A DISASTROUS YEAR for Carnival’s cruise lines which found itself the subject of jokes on late-night talk shows which has obviously prompted changes. When the Carnival Triumph was towed into Mobile with leaking sewage and shrieking passengers, the company’s $5bn boss Micky Arison was nowhere to be seen, says Forbes, and he was similarly “a no-show” a year later when the company’s Costa Concordia ran aground in Italy killing 32 people. “I’ve always been a behind the scenes CEO”, Arison, 64, explained, but he nevertheless stepped down in favor of a new chief, Arnold Donaldson, who the mag says “has no hands-on experience running a vacation or transportation company—let alone the biggest one in the world”. Once tagged Carnivore Cruise Lines, the company has gobbled up Britain’s Cunard, Seattle’s luxurious Seabourn, Italy’s Costa, PO Princess, and finally Holland America—a fleet of 102 ships catering to 10 million passengers a year. The new CEO is still an unknown quantity, Forbes suggests, but some other changes include back-up engines on a few ships and redesigning some interiors to appeal to Chinese tastes.
IF YOUR INCOME is between $100,000 and $250,000 you’re a HENRY in the parlance of the retail trade that is beginning to focus its attention on High Earners Not Rich Yet after realizing, reports Stores, that there are about four times as many of them as the really rich. “Henrys are the new mass-market for marketers and brands up and down the pricing scale” says Unity Marketing president Pam Danzinger.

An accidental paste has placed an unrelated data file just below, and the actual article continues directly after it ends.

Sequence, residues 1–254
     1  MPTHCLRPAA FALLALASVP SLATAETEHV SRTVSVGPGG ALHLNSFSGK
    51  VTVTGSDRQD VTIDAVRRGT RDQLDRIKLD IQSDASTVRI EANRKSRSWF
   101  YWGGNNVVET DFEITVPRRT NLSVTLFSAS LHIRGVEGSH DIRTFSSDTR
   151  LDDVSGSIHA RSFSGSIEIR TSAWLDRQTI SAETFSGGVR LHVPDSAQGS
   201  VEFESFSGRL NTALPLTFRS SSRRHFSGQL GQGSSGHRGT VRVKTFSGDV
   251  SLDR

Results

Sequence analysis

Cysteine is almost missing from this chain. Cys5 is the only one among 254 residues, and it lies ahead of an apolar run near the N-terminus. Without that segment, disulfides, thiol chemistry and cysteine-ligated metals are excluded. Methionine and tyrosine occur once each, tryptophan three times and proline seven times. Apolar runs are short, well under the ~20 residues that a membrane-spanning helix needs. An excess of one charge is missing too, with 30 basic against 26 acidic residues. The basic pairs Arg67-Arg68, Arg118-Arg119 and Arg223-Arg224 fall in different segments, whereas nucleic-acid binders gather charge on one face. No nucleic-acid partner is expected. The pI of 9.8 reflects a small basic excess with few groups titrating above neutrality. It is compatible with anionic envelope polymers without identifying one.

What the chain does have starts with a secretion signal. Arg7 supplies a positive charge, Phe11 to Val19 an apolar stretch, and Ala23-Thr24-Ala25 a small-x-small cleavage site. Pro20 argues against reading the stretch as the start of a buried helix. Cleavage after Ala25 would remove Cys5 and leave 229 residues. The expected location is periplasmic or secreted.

CHINA IS ENTERING the aircraft-building business in a big way and with typical hustle, hoping that its state-owned company Comac can be a global rival within five years to Boeing and Airbus which currently dominate 70% of the world’s aircraft market. To handle what is expected to be the world’s largest passenger business by 2032, China is expected to need an additional 5,580 planes—about the same number as commercial planes in the US today—and Comac (the Commercial Aircraft Corp of China) hopes that most of those will be the new C919 which Fortune says “looks like the spitting image of an Airbus 320”. It’s almost exactly the same size, too, but can be built for $75m, about $10m cheaper than its rival. “But aerospace is a tricky business” the mag says, “and money and skills don’t guarantee success any more than following a soufflé recipe does”. About four million parts go into a plane and they came from suppliers all over the world. Comac has hired more than 100 foreign experts for the C919 program.
VIEWING FIGURES FOR SOCCER have doubled since starting upon NBC’s Sports channel last year (the network paid for three seasons of England’s Premier League matches) and this year attention will multiply, boosted by Brazil’s World Cup events. According to Horizon Media’s Brad Adgate more than 16 million US viewers watched matches between top clubs such as Manchester United and Liverpool early last year, and now games between teams from Spanish, Italian and French leagues are being shown on Al Jazeera’s BeIn Sport.